Philadelphia Eagles running back Darren Sproles will retire after the season, ending his 15-year career in the NFL.
Sproles, who is out for the remainder of this season with torn right hip flexor muscle, announced his decision Saturday, saying in a statement that "I gave it everything I had on every play."
"I owe so much to the game of football and I gave it all I had in return," Sproles said in the statement, which was posted on the Eagles' website. "I gave it everything I had on every play. I rode it until the wheels fell off. That's the way I played and that's the way I practiced. When I re-signed with the Eagles back in July, I knew it was going to be my last season, and now my body is telling me it's time to step away from the game. It's time to call it a career. So when the season comes to an end, I'm going to officially retire from the National Football League. But I wanted to announce it today so that we can appreciate the moment together on Sunday."
The Eagles (7-7) play their final home game of the regular season Sunday when they host the Cowboys (7-7) in a matchup that could determine the NFC East title. Sproles will be one of the Eagles' captains for the game, and the team has planned a tribute for him.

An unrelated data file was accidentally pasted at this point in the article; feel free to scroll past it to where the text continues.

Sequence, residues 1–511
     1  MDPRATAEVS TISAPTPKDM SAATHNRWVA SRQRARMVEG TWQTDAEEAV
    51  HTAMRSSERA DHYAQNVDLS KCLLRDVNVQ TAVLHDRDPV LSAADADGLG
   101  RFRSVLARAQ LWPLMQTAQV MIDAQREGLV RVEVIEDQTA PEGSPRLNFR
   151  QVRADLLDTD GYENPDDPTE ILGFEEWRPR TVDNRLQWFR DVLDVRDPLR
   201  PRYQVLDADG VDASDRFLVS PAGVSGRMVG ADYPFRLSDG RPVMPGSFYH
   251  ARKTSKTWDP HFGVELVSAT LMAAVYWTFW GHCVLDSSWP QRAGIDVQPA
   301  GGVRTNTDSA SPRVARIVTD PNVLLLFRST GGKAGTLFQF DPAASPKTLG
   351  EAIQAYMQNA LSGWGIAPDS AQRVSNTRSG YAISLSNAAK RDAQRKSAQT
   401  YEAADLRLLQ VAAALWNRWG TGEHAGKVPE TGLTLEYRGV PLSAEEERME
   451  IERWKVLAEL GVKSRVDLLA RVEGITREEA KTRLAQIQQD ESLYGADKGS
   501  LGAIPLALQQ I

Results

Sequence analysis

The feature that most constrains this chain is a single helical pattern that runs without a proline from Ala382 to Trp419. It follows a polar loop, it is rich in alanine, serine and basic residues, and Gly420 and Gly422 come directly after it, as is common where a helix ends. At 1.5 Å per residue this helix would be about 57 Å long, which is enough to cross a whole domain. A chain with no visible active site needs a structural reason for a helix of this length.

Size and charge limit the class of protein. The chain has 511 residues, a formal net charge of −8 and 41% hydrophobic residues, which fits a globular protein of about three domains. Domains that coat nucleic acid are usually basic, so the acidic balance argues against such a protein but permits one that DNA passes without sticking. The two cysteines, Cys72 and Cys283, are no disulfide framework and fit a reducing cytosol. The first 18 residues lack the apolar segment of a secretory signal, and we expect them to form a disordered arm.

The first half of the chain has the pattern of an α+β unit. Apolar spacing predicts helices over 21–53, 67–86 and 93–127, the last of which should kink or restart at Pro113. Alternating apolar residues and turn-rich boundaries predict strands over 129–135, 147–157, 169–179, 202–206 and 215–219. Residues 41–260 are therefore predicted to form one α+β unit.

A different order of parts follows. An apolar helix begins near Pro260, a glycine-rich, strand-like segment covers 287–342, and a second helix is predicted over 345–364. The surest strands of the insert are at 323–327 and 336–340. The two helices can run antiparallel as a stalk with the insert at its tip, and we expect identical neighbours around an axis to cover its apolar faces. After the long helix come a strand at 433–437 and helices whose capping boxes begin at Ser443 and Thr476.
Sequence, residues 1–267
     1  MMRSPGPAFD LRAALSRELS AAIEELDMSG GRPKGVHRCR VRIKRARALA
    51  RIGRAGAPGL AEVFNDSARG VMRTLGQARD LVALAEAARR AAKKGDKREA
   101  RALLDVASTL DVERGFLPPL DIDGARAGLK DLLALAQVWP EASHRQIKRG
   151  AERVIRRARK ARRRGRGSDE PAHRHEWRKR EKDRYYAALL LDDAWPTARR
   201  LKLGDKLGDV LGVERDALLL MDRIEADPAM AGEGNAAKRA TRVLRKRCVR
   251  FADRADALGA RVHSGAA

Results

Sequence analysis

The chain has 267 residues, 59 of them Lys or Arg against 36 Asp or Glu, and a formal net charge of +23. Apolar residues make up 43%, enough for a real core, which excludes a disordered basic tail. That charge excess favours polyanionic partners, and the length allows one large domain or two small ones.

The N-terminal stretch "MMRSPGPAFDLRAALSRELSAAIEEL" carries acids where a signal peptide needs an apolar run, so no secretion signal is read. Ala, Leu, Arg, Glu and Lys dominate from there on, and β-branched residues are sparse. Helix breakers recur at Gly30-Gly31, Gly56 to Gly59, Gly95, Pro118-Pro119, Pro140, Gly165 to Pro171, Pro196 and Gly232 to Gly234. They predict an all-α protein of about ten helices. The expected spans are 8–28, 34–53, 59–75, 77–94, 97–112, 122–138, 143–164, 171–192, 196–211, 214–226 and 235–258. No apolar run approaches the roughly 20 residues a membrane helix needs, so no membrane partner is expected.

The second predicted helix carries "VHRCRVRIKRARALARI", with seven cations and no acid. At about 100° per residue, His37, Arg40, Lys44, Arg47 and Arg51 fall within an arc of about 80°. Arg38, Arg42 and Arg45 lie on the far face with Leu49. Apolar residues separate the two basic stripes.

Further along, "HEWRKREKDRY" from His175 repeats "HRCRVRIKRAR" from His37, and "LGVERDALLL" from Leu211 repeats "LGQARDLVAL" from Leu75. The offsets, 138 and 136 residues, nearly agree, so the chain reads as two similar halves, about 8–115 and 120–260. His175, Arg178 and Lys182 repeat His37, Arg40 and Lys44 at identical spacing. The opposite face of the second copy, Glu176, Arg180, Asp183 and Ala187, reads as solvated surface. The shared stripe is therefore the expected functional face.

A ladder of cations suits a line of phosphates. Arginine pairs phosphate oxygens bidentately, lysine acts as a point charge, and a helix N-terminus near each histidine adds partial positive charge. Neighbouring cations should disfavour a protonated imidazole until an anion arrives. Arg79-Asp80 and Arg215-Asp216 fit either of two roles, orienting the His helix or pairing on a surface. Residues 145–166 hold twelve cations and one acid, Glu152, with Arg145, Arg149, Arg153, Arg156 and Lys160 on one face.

A fourth-round draft selection in 2005, the 5-foot-6 Sproles is No. 5 on the NFL's all-time list for all-purpose yards (19,696). His best season came with the Saints in 2011, when he rushed for 603 yards, hauled in 86 receptions for 710 yards and scored 10 touchdowns -- all career bests.
Sproles was the 15th running back drafted in 2005 -- the 130th overall pick. His only goal was to prove his critics wrong by lasting more than one year in the NFL. Instead, he became one of the most prolific players in league history thanks in large part to a legendary work ethic that has garnered him universal respect across the league.
"Every time I think about Darren, it's really one thing that constantly pops into my head," Eagles teammate Malcolm Jenkins said in October. "He makes you reconsider if you want to be great."
ESPN's Tim McManus contributed to this report.